The NEJM reviews the limitations of Medicaid, which is about to get worse whether or not there is agreement on debt extension:
Since Medicaid was enacted in 1965, its coverage guarantee for millions of the poorest Americans has faced a substantial vacuum in actual access to health care. Multiple factors contribute to this problem: severe shortages of physicians and hospitals in many low-income inner-city and rural communities; low rates of participation in Medicaid among available providers, owing to low payment rates; state administrative practices that drive providers away; and the economic, clinical, educational, and cultural characteristics of Medicaid beneficiaries. Where they are operating, federal programs such as community health centers, federally funded family planning agencies, the National Health Service Corps, local public health agencies, and public and children’s hospitals help to mitigate the situation. But thousands of U.S. communities lack such programs, and even where they do exist, they don’t address the specialized long-term care needs of beneficiaries with severe disabilities.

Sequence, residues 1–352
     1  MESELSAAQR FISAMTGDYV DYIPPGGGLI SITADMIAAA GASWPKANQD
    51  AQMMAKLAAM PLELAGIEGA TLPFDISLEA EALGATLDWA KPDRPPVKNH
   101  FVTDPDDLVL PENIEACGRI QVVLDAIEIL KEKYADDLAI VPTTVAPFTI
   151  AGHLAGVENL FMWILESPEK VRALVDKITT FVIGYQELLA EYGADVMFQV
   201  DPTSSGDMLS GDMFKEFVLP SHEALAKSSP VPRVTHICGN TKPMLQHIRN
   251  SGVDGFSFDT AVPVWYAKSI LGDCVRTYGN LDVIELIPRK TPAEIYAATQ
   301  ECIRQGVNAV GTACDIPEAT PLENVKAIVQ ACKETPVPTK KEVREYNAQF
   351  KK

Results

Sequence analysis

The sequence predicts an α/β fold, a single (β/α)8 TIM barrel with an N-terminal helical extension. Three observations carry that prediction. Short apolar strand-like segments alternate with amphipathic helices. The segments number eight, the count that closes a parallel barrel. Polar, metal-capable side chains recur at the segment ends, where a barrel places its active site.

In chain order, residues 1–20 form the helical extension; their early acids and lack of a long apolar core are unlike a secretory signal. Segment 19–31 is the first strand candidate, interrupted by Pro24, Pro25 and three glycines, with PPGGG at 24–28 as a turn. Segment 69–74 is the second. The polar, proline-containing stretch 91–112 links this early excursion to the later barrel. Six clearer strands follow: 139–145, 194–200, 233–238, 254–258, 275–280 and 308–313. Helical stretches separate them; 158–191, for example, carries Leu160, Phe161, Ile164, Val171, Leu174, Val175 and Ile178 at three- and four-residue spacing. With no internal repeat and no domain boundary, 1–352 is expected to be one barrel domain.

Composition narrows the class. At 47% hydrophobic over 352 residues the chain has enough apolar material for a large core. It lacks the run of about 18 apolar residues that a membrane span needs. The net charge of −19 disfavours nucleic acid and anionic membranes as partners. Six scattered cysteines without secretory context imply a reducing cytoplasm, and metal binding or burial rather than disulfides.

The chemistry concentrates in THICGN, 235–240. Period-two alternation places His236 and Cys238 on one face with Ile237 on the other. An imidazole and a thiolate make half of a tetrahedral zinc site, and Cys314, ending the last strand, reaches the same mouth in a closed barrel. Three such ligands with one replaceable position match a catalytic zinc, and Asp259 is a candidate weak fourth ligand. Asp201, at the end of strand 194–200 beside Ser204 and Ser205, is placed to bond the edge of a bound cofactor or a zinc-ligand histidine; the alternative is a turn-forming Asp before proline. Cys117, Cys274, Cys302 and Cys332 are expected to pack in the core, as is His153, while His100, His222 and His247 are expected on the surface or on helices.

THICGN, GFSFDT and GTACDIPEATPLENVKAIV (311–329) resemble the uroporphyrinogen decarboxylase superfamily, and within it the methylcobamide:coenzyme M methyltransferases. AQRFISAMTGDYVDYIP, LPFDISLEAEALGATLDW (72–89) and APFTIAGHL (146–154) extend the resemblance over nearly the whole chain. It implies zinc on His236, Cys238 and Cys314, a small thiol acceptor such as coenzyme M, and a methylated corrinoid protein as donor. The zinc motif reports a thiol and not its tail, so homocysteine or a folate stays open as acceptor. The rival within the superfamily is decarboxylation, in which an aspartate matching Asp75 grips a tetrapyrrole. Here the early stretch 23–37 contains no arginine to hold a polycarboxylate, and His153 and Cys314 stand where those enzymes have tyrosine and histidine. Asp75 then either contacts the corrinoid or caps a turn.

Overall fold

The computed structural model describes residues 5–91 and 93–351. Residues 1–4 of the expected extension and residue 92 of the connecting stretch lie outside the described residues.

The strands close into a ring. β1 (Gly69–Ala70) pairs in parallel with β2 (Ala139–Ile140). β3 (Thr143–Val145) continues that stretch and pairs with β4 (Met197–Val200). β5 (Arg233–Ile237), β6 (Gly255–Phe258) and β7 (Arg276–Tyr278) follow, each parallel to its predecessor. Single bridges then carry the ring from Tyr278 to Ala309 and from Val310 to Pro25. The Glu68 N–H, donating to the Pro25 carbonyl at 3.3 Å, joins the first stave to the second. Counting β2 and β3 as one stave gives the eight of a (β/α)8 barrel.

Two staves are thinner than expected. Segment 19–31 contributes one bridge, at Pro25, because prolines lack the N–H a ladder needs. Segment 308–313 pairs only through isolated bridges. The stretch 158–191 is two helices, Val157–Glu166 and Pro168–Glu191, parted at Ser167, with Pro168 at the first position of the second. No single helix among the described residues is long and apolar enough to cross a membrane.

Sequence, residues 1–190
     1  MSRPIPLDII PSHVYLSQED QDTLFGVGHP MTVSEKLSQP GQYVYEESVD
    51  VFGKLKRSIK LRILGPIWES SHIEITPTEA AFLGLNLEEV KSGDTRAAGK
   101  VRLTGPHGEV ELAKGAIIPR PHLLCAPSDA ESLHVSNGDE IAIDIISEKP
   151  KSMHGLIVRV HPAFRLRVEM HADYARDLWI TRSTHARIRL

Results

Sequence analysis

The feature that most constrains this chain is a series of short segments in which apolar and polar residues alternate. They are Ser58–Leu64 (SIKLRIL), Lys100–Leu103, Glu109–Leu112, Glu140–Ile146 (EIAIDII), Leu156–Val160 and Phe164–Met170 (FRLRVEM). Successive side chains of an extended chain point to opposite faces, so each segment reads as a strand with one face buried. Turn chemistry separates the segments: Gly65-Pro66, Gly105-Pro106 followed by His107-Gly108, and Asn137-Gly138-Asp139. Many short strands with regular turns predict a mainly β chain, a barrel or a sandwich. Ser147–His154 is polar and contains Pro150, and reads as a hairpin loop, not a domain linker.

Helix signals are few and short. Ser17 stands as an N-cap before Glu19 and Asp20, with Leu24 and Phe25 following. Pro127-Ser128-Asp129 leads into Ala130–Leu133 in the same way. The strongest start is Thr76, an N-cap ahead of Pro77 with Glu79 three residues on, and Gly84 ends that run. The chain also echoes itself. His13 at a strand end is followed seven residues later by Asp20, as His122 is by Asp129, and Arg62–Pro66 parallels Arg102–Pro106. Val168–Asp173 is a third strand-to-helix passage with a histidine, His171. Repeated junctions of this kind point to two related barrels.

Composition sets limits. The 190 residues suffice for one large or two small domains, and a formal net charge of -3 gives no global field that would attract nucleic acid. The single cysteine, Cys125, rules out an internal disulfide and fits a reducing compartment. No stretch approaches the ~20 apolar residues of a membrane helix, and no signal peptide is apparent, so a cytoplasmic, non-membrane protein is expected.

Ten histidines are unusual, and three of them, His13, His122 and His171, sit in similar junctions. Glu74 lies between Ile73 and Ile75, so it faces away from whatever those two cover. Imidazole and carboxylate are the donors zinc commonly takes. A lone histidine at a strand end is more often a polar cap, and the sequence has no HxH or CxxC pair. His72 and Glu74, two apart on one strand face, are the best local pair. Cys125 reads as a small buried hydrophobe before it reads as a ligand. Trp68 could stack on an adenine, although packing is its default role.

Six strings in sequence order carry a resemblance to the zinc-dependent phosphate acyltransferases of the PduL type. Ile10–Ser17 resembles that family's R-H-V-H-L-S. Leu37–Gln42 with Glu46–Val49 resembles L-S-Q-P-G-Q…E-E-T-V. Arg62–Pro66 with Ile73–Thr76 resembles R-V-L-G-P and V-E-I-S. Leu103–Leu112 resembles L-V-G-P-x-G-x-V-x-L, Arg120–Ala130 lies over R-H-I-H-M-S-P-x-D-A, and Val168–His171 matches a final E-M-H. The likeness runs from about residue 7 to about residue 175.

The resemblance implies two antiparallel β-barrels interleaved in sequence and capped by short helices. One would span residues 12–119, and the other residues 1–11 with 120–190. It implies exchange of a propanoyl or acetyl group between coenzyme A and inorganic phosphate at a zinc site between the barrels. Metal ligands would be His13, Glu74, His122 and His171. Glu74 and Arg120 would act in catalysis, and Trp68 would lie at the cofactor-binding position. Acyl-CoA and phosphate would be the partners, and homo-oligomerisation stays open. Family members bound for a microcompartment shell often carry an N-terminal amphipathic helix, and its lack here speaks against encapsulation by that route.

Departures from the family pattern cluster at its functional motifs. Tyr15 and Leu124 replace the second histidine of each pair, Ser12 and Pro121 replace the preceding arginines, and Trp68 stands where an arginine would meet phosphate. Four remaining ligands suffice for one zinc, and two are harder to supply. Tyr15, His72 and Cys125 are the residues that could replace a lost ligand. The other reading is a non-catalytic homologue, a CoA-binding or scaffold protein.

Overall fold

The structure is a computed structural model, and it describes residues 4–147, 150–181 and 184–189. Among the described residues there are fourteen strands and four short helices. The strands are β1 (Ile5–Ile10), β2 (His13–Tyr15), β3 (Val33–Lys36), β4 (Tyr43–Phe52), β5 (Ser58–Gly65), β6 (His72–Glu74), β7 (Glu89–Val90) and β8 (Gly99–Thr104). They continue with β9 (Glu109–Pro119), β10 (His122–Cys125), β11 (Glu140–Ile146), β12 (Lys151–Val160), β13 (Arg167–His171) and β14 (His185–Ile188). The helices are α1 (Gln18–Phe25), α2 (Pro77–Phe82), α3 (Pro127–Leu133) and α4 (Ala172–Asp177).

Medicynical note: This in the “best” and most expensive non-system of healthcare in the world.